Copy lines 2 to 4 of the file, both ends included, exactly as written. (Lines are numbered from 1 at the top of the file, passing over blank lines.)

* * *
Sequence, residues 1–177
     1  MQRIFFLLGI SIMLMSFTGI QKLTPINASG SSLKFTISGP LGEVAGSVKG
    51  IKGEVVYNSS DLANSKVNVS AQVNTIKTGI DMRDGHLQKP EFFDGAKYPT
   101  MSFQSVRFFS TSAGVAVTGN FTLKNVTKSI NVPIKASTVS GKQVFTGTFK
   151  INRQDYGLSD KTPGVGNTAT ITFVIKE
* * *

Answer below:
     1  MQRIFFLLGI SIMLMSFTGI QKLTPINASG SSLKFTISGP LGEVAGSVKG
    51  IKGEVVYNSS DLANSKVNVS AQVNTIKTGI DMRDGHLQKP EFFDGAKYPT
   101  MSFQSVRFFS TSAGVAVTGN FTLKNVTKSI NVPIKASTVS GKQVFTGTFK